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Making Long Paragraphs Work

April 19, 2012 | Comments: 0 | Views: 169

Paragraph quality is not determined by its length, long or short. Rather, quality is determined by how well the paragraph communicates a single idea. Long paragraphs, however, can be difficult simply because they are long.

The following 2 strategies will help you write long paragraphs that work.

Day 137: Use topic chains to create cohesive paragraphs.

If you write a long paragraph (more than 4 or 5 sentences), how do you keep focused on the topic? How do you keep the reader aware of the main idea being discussed?

You do this with topic chains. A topic chain is basically a series of words and phrases that refer to the main idea. In most cases when you use a topic chain, each sentence will have one or more words that refer to the idea. If this is not possible with a particular sentence, you may need to consider whether or not that sentence belongs in the paragraph. Consider this paragraph from a proposal for state authorization to provide after school services to at-risk children.

The term disabilities comprises many conditions that may inhibit student learning. Often, students with disabilities require specialized instructional strategies to reduce the degree to which these inhibitors affect learning. Students with special needs require a highly-qualified teacher with training and experience in addressing such needs. As part of the tutor selection process, [the company] identifies those teachers possessing these unique skills, resulting in the ability to match students with special needs with teachers possessing appropriate teaching skills. Teachers will use strategies that allow for differentiated pacing with careful sequencing, monitoring, and control of the learning process.

The underlined words create the topic chain. As you can see, each sentence contains words that refer to the topic introduced in the first sentence. These words keep the reader focused on the topic.

Day 141: Use two overlapping topic chains to change the focus of a document.

On day 137, we discussed using a topic chain to keep readers focused on your main idea in a paragraph. However, in some cases, you may need to change the focus of a document, not just transition between ideas but change the focus completely. You can overlap topic chains to create this transition.

For example, let's say you have been asked to write about a particular topic or answer a specific question. Maybe you want to write about something else or answer a different question. You can't simply ignore the original requirement, but you can shift the focus while addressing the requirement.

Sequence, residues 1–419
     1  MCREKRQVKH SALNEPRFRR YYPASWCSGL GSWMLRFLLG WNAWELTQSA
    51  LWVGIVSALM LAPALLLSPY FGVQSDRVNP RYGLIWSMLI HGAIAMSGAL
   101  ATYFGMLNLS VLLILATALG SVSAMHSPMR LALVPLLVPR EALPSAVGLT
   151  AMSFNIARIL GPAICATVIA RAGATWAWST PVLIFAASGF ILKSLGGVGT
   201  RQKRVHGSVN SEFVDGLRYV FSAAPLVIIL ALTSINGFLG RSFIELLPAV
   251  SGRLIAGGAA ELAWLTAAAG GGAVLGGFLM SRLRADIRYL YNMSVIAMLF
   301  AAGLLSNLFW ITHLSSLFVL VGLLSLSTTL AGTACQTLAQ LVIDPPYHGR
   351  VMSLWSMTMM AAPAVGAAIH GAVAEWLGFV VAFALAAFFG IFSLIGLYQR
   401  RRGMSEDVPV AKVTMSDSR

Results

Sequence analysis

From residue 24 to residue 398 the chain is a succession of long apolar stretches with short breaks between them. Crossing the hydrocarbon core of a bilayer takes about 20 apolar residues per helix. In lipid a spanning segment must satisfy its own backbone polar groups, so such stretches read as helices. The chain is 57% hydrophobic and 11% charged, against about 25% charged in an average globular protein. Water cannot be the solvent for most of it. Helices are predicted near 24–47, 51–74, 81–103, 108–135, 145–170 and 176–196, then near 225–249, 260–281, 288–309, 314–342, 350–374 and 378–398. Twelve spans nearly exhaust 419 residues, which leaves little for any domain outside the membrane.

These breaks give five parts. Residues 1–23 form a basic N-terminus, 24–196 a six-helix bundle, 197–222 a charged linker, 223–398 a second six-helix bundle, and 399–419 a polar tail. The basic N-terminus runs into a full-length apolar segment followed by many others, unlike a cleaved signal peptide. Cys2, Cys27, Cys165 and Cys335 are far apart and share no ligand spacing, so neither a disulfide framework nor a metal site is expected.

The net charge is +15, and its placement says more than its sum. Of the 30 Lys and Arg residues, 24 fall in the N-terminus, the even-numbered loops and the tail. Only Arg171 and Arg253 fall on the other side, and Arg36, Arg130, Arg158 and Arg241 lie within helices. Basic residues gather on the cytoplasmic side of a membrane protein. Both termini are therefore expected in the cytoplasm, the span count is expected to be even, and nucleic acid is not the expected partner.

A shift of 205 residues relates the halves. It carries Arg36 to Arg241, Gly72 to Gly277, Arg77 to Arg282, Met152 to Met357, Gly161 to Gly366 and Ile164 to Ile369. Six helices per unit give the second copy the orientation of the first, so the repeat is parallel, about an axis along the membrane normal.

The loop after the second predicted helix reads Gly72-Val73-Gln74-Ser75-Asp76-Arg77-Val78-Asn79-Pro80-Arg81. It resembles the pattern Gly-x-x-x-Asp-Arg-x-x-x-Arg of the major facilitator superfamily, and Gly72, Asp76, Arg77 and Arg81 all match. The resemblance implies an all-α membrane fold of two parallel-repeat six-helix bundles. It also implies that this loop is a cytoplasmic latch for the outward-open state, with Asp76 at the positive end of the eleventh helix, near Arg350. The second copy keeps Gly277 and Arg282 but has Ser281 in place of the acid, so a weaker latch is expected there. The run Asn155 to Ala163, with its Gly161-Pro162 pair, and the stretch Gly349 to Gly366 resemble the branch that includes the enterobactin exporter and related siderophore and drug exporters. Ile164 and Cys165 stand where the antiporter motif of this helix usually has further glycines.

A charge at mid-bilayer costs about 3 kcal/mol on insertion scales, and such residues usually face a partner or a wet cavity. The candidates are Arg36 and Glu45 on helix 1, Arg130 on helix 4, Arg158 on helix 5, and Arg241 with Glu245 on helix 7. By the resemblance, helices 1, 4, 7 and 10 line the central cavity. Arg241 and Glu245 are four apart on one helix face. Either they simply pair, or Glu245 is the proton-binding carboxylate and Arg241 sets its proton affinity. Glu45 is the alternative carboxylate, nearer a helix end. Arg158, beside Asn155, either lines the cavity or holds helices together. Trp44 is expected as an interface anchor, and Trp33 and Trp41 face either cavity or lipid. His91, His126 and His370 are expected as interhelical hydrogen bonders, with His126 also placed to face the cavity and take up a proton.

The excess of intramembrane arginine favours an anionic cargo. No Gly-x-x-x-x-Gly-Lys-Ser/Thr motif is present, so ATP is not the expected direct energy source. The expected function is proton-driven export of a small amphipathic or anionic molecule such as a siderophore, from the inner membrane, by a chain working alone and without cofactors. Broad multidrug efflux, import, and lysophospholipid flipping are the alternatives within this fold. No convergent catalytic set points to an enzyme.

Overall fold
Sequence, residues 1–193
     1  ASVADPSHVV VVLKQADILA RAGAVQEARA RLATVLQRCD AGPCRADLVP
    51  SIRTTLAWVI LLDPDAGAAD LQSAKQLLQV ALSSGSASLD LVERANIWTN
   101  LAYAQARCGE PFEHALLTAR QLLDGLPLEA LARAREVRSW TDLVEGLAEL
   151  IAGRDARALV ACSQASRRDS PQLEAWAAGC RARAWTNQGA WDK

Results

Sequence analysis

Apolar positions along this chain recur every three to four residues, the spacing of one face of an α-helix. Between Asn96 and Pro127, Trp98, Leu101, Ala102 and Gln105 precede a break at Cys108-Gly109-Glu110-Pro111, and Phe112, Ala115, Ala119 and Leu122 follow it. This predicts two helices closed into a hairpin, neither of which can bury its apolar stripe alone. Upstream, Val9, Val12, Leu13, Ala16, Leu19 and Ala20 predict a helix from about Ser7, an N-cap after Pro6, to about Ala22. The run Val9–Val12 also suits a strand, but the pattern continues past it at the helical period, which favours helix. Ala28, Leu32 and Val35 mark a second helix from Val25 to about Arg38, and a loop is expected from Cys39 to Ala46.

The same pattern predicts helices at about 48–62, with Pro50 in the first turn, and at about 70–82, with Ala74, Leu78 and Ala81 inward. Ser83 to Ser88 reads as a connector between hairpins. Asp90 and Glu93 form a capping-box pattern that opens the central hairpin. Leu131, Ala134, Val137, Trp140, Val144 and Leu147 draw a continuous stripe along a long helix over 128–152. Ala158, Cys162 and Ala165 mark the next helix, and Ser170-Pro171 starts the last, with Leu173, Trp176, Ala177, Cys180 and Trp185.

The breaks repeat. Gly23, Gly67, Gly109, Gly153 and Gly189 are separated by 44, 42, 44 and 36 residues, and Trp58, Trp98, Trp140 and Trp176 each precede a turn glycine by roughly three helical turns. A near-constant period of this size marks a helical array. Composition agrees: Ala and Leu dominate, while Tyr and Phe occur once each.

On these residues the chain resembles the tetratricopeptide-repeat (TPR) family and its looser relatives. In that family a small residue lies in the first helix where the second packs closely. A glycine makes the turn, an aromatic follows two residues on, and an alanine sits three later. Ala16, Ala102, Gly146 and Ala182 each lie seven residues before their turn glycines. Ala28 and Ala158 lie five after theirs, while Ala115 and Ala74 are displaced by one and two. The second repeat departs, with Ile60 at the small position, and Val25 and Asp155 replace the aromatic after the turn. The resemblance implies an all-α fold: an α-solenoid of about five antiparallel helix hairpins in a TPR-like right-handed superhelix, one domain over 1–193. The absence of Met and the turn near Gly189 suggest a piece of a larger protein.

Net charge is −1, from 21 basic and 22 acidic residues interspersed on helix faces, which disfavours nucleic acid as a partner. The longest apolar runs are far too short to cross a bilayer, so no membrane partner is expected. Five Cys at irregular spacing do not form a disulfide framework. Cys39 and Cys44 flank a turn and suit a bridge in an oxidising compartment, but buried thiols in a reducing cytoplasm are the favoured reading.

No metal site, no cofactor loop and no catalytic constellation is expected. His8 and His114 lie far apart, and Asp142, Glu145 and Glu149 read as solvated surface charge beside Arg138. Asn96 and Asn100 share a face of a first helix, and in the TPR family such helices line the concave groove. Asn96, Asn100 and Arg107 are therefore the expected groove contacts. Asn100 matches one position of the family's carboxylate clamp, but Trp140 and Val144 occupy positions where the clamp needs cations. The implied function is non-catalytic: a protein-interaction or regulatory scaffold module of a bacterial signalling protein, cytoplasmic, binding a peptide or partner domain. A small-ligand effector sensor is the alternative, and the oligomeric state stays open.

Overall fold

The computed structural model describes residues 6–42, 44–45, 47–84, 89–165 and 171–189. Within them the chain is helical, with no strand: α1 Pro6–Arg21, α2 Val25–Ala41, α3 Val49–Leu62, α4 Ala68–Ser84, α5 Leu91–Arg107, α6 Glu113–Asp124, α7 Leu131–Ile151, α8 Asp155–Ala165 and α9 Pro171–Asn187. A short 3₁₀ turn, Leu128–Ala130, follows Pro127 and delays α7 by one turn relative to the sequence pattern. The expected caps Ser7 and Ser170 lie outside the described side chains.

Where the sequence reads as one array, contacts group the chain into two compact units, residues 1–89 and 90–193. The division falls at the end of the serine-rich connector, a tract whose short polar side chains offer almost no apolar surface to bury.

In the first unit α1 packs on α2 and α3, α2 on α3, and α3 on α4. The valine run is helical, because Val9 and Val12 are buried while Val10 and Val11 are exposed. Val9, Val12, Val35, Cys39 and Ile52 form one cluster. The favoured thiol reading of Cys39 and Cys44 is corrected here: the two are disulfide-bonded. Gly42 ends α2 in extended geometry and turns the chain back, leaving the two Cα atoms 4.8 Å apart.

The strategy is fairly simple to understand. At the beginning of the paragraph, you start a topic chain that reflects the original question or topic. This topic chain will conclude before the end of the paragraph. You will introduce the second topic chain a few sentences into the paragraph and continue to the end.

For example, if you have 8 sentences in your paragraph, sentences 1 to 6 may include the first topic chain, and sentences 3 to 8 may include the second chain. Let's look at an example.

The term disabilities comprises many conditions that may inhibit student learning. Often, students with disabilities require specialized instructional strategies to reduce the degree to which these inhibitors affect learning. Students with special needs require a highly qualified teacher with training and experience in addressing such needs. As part of the tutor selection process, our company identifies those teachers possessing these unique skills, resulting in the ability to match students with special needs with teachers possessing appropriate teaching skills. Teachers will use strategies that allow for differentiated pacing with careful sequencing, monitoring, and control of the learning process.

The terms in bold reflect the topic of students needs, which was the topic required. However, this company wanted to talk about their expertise in working with those students. The underlined terms promote their expertise.

You can see that the required topic begins the paragraph but then disappears. The desired topic starts a little later and then ends the paragraph. This allows the writer to begin the next paragraph on a completely different topic than the topic with which this one started. This is an advanced technique.

David Bowman is the Owner and Chief Editor of Precise Edit, a comprehensive editing, proofreading, and document analysis service for authors, students, and businesses. Precise Edit also offers a variety of other services, such as translation, transcription, and website development.

Source: EzineArticles
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